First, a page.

Modern pork is another casualty of fat phobia. Breeding pigs to be as lean as possible has made the meat pale, bland, and dry and to make matters worse, the layer of fat on the outside is trimmed to a meager quarter of an inch or less before it ever reaches the store. (When I complained to a rep from one of the major pork producers at a conference, she told me, “We are just giving people what they want.”)

Brining the pork helps, but the real secret is not overcooking it. According to the most recent USDA guidelines, pork chops, roasts, and tenderloins can be safely cooked to medium-rare, followed by three minutes of resting time. The lower cooking temperature will produce pork that’s succulent and tender and will likely yield a finished product that is pinker in color than most of us are used to.

Restaurants have been following this standard for almost 15 years. The current temperature recommendation, announced in 2011, reflects advances in food safety and nutritional content for pork. Both the USDA and the National Pork Board suggest using a digital cooking thermometer to ensure an  accurate final temperature. Note: Ground pork, like all ground meat, should be cooked to 160ºF.

You can use this basic method for plain chops, but the simple sauce adds a nice touch and I know you will like it.

For the brine:
3 cups cold water, divided
2 1/2 tablespoons salt (or 3 tablespoons kosher salt)
2 garlic cloves, peeled and crushed
1/2 teaspoon freshly-ground black pepper
1 bay leaf

2 to 4 pork chops, center cut, bone-in, about 1-inch thick
Cooking fat or oil (such as lard, tallow, bacon fat, light olive oil)
1/2 teaspoon Herbes de Provence, optional

For the sauce:
2 tablespoons butter
1/4 cup finely chopped shallots
1/2 cup chicken broth
4 tablespoons country-style Dijon mustard
2 tablespoons heavy cream
2 teaspoons lemon juice

Brining adds flavor and keeps the chops juicy and tender. Bring 1 cup of the water to a boil, add the salt and flavorings, and stir until the salt is dissolved. Add 2 more cups of cold water to cool the brine down to room temperature. Place the pork chops in a shallow dish and pour the brine over top. The brine should cover the chops; add more water and salt (1 tablespoon salt per each cup of water), if necessary, until the chops are submerged. Cover the dish and refrigerate for 30 minutes or up to 4 hours; the longer time is better if you are not in a hurry.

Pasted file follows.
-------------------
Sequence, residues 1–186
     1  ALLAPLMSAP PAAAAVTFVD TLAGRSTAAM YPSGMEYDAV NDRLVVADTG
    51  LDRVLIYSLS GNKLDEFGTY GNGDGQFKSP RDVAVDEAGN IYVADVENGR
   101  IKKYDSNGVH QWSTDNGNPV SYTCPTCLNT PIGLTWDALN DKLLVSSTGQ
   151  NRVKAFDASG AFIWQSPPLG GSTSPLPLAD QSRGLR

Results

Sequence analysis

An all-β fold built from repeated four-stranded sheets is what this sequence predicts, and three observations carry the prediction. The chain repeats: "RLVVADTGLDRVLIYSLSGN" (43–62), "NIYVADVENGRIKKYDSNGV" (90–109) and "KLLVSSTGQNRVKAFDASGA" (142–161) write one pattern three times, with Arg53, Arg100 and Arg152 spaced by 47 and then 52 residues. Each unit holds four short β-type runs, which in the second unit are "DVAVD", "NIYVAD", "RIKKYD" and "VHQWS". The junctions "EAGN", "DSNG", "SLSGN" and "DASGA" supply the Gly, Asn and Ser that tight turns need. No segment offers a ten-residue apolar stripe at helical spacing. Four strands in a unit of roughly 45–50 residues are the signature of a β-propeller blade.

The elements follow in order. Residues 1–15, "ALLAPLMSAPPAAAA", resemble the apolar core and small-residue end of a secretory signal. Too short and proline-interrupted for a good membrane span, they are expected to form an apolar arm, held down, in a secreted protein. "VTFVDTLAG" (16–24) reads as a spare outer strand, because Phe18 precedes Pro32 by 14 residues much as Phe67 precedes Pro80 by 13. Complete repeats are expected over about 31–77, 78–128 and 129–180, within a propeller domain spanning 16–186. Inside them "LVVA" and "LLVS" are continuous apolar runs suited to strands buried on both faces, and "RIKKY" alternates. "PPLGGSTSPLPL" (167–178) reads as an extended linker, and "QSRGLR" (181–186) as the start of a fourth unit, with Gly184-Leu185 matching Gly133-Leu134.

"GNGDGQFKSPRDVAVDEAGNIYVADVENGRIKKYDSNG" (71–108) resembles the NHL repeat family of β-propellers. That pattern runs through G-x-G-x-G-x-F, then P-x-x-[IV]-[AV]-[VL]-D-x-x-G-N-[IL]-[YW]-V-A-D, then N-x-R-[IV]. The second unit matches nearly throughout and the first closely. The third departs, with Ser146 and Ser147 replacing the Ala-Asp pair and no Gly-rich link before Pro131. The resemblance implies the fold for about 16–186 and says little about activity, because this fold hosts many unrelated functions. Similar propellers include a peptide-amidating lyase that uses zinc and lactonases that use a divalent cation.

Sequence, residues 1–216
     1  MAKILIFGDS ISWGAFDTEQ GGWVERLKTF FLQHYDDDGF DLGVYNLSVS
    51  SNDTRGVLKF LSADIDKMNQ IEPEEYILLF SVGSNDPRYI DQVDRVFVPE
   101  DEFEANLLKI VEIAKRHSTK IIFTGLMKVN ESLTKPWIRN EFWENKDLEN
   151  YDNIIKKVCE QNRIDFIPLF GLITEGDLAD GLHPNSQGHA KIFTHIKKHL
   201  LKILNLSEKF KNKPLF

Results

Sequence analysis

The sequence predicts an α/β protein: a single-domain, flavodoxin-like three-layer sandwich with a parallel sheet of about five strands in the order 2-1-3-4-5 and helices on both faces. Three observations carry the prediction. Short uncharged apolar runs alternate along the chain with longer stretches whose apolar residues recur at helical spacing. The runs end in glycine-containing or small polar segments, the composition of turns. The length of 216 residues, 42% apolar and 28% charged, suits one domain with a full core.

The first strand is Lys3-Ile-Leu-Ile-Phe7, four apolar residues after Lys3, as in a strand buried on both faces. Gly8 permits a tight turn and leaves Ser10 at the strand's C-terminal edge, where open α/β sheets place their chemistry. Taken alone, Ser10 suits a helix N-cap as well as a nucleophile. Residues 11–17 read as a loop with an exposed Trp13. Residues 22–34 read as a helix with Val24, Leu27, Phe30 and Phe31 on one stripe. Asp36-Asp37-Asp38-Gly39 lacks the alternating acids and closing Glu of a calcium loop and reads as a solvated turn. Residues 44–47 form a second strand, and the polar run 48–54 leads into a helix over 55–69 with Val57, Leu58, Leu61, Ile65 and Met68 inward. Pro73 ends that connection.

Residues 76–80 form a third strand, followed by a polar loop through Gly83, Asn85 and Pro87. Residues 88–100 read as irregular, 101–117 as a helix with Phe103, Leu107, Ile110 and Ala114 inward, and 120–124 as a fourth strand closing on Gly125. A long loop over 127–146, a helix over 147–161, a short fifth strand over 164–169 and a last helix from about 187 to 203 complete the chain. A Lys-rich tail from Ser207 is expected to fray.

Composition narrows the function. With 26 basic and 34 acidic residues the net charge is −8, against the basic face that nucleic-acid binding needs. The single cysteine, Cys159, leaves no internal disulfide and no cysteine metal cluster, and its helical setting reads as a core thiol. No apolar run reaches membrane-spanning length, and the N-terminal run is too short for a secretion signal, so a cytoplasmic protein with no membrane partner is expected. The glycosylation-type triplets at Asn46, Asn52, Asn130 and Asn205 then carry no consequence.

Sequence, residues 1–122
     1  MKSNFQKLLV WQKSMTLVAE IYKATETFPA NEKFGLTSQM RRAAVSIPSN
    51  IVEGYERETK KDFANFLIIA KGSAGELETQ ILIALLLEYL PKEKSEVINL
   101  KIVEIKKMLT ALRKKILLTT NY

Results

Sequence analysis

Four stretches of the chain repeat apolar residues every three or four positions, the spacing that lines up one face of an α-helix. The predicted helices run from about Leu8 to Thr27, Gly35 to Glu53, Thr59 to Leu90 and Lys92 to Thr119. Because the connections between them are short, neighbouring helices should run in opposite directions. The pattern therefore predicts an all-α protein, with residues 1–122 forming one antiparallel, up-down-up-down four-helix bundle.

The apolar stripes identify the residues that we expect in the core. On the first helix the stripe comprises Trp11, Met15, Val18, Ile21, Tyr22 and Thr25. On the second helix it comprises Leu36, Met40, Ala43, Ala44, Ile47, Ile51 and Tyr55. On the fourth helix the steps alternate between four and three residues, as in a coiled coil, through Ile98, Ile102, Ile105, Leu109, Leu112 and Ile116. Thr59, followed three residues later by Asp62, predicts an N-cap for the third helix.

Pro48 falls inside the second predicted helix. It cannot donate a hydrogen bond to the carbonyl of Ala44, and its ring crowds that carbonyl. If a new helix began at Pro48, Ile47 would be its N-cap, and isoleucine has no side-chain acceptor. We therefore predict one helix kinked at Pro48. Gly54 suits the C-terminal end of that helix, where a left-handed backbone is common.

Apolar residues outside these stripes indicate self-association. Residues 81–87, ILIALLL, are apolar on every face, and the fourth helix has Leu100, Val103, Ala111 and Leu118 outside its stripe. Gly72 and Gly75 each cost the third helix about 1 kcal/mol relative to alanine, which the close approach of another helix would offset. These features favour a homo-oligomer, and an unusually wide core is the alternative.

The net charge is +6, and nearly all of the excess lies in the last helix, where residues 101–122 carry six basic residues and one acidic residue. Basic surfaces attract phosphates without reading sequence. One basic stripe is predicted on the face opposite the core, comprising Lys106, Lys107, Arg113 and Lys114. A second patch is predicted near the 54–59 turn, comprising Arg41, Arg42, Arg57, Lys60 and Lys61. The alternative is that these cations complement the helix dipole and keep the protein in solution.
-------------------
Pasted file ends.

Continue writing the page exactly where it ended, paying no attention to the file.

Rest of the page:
Preheat oven to 400°F. Place an oven-safe (no plastic handles) skillet in the oven to preheat. A cast iron skillet is ideal.

While the oven heats, prepare the pork chops. Remove the chops from the brine and pat dry with paper towels. Rub both sides with oil or melted fat, sprinkle with herbs, if using, and salt and pepper. Set the chops aside to warm up until the oven is hot.

Remove the hot skillet from the oven and set it over medium-high heat on the stove top. Turn on a vent fan. Using tongs, lay the pork chops in the hot skillet. They should immediately start to sizzle. Sear, on one side only, until the chops are golden brown, about 3 minutes. If they start to smoke a lot, lower the heat a little. Turn the chops over and immediately transfer the skillet to the oven:

Roast until the pork chops are cooked through and register 140°F to 145°F in the thickest part of the meat with an instant-read thermometer. The temperature will rise a bit during the resting time. Cooking time will be 6 to 10 minutes depending on your oven, the thickness of the chops, how cold they were at the start of cooking, and how long they were brined. Check the chops after 6 minutes and continue to check every minute or 2 until cooked through. Do not overcook or the pork will be tough!

Transfer the cooked pork chops to a plate. Tent loosely with foil and let the chops rest for at least 5 minutes before serving. Pour off pan juices from skillet and reserve for making sauce.

Add butter and shallots to the hot skillet. Cook over moderate heat, stirring, until softened, about 3 to 5 minutes. Add reserved pan juices and broth. Cook and stir, scraping up brown bits from bottom of pan, for about 2 minutes. Add mustard and cream and bring to a simmer. Add lemon juice and simmer until slightly thickened, about 3 minutes more. Serve sauce with chops.

Serves 2 to 4
Nutrition data: Cal: 428; Fat: 26.6g; Protein: 41.9; Carbs: 2.2g; Fiber: 0.3g; Net Carbs: 1.9g

Sauce recipe adapted from www.Epicurious.com.

Pin It > http://www.pinterest.com/pin/224405993907982191/ 

(c) 2014, Judy Barnes Baker, www.carbwars.blogspot.com

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Judy Barnes Baker

The working title for my first book was, “You’ll Never Know What You Are Missing.” It summed up my goal: to make eating for health synonymous with eating for pleasure. Once you discover the secret, you will find that the very best food for weight management, longevity, the treatment and prevention of disease, and over-all health and happiness is also the most sumptuous, satisfying, and indulgent way of eating the world has to offer. You are invited to the feast. Enjoy!
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Judy Barnes Baker
9 years ago

Sorry I misspelled your name, LYNNE!

Judy Barnes Baker
9 years ago

You are welcome, Lynn. I think you'll like the brine–it doesn't take long and it makes a big difference.

9 years ago

I have not been brining mine, but the cooking technique is the same as I have been using for several years. It does make for a delightful chop. Thanks for the brining recipe. I will try this. Lynne

7 years ago

could these be brined ahead of time, taken out of the brine and cooked later in the day?

Reply to  Jo
4 years ago

It looks like I missed this question. Sorry, Jo. Yes, I think they could wait until later to be cooked.